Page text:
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    Truth here. I have a 328 GTB and had a GTS QV. The GTB drives much different in a good way. 355 maintenance can be steep, but very worth it. In reality if you get a good 355 that has had the well known issues sorted it should not be bad. I have one of those too. Most of what gave the 355 the bad rep has been solved at this point and most the people who regurgitate the narrative haven’t owned one. It’s a must to have a experienced mechanic with the 355. Having the wrong people work on that car is a recipe for lots of pain. Same with any of the other engine-out cars.
     
  27. Themaven

    Themaven F1 Rookie
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    All very interesting...although I did suggest the GTS (or GTB) 348 for the reason it has a further 20 horses and other improvements. But I would also take a 328 over a 348. And probably a carb 308 over both.

    However, the implication that beauty is entirely in the eye of the beholder is of course a fallacy. Beauty and good design must have an objective underpinning, one that changes with eras but is societally accepted nonetheless. If I believe that Birmingham is more beautiful than Florence, or Calais is a more beautiful town than Paris, I am not “entitled to my opinion”; I am just wrong.

    I own a 575 and for a while I owned a 550 alongside (til it was felled by a tree). These are great cars. I think they are pretty. But they are not beautiful Ferraris. Take a picture of these to a great art or design school, in which France is a world leader (not a car design school), and they will say they look ok, quiet, unremarkable. They have no idea of the great V12 or the excellent handling, and they are right. Show the same people a picture of truly beautiful Ferraris and they will identify them immediately.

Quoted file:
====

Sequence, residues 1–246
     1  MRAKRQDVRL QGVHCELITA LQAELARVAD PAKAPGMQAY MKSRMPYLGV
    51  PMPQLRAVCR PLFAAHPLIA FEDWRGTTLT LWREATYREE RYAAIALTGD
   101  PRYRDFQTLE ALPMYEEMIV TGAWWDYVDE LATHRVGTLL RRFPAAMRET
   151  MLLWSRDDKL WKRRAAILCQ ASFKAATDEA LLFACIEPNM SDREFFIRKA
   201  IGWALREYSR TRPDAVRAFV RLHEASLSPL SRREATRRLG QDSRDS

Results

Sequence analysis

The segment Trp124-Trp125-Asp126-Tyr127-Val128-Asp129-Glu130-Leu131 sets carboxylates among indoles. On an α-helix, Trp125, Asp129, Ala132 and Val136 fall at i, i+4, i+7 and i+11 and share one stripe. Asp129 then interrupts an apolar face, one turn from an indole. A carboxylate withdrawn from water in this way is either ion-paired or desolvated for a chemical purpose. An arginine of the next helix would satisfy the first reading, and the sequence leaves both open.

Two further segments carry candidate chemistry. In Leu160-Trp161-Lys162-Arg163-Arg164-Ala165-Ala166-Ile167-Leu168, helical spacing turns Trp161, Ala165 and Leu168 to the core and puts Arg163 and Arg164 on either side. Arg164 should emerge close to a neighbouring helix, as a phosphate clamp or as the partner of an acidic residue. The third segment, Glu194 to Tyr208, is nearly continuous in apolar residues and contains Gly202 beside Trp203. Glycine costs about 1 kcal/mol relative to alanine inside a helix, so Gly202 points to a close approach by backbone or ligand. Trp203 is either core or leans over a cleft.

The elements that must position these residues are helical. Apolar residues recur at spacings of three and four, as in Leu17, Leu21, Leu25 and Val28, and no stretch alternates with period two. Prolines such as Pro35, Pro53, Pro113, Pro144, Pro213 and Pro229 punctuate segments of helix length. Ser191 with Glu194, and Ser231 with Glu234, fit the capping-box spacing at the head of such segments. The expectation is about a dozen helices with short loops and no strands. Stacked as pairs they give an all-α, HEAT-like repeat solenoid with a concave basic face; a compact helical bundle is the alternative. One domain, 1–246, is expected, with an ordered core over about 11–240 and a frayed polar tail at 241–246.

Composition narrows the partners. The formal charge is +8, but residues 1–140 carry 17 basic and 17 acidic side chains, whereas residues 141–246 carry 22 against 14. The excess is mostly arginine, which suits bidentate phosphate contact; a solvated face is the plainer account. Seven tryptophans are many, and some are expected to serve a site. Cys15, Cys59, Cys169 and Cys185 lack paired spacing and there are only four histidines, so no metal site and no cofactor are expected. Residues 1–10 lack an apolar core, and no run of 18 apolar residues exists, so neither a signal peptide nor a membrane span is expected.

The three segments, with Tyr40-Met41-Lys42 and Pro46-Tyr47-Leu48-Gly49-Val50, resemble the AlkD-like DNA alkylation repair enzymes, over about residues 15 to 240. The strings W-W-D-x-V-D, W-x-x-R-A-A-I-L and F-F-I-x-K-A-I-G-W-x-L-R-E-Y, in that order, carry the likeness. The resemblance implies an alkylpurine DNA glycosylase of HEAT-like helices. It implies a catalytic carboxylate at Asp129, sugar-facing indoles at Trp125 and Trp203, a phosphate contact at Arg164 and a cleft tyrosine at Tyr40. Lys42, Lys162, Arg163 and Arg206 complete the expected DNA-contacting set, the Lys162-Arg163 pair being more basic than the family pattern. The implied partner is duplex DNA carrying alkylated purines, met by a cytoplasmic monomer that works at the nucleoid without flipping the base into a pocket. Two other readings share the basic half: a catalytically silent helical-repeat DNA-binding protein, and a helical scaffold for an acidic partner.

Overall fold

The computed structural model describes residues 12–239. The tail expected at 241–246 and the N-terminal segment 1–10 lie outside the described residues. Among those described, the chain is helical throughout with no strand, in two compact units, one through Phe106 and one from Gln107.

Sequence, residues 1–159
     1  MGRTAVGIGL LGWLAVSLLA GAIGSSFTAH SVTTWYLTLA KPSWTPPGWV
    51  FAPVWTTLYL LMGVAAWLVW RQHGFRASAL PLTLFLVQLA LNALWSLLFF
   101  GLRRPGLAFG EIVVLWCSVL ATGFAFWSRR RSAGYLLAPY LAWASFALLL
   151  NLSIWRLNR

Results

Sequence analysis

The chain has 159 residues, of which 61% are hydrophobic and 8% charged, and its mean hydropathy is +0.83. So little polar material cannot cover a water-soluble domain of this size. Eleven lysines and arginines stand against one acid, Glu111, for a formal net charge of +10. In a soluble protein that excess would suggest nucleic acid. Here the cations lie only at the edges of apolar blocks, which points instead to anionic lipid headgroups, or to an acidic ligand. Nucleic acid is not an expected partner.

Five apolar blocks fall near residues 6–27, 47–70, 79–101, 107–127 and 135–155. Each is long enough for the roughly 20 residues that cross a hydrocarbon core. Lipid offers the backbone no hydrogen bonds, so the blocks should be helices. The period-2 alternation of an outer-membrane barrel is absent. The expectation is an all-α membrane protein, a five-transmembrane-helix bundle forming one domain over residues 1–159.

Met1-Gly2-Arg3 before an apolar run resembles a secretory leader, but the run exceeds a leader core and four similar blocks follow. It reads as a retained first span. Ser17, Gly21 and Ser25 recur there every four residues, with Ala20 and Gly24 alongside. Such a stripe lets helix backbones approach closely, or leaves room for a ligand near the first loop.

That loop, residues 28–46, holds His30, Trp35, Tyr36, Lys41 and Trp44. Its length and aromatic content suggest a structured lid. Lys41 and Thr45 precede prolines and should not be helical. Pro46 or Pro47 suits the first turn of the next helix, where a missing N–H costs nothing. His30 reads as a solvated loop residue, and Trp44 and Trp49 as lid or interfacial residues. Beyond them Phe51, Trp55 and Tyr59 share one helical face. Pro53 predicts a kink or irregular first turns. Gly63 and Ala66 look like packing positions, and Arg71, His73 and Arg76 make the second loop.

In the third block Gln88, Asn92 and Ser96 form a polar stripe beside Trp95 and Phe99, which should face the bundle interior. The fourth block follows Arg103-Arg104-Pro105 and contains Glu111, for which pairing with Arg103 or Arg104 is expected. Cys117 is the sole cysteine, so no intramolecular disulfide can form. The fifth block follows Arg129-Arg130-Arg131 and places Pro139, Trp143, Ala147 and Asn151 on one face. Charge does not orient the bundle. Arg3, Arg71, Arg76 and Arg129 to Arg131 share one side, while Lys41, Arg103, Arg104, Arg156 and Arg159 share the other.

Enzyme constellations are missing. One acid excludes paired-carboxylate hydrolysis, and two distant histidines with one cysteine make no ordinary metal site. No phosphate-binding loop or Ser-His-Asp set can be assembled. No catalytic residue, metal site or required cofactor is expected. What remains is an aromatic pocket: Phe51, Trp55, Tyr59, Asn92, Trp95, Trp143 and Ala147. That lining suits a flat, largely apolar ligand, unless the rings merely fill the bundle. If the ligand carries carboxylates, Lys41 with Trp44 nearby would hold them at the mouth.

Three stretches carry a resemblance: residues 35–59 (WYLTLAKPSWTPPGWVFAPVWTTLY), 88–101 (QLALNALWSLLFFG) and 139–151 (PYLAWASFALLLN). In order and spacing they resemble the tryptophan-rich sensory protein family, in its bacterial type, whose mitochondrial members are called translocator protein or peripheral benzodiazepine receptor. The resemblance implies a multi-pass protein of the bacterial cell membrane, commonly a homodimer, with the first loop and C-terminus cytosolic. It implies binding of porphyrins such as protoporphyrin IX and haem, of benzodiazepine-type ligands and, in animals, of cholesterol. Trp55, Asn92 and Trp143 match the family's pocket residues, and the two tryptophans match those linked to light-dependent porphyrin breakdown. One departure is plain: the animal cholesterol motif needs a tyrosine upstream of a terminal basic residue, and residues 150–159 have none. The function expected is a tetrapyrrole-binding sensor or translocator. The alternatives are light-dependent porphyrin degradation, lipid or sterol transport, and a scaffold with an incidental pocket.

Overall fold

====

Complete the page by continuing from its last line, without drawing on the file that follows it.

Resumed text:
Objectively, a 3X8 is a much prettier car than a Maranello, and thats from a Maranello owner, who works in the industry of aesthetics, the luxury media and fashion industry.
     
  28. BT

    BT F1 World Champ
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    I would go for the 308QV. Low maintenance, and has that really small feel of the older cars. I think it is better looking than a 328, but that would absolutely be my second choice. I had a 348, and it was good, but not as nice looking as the 308.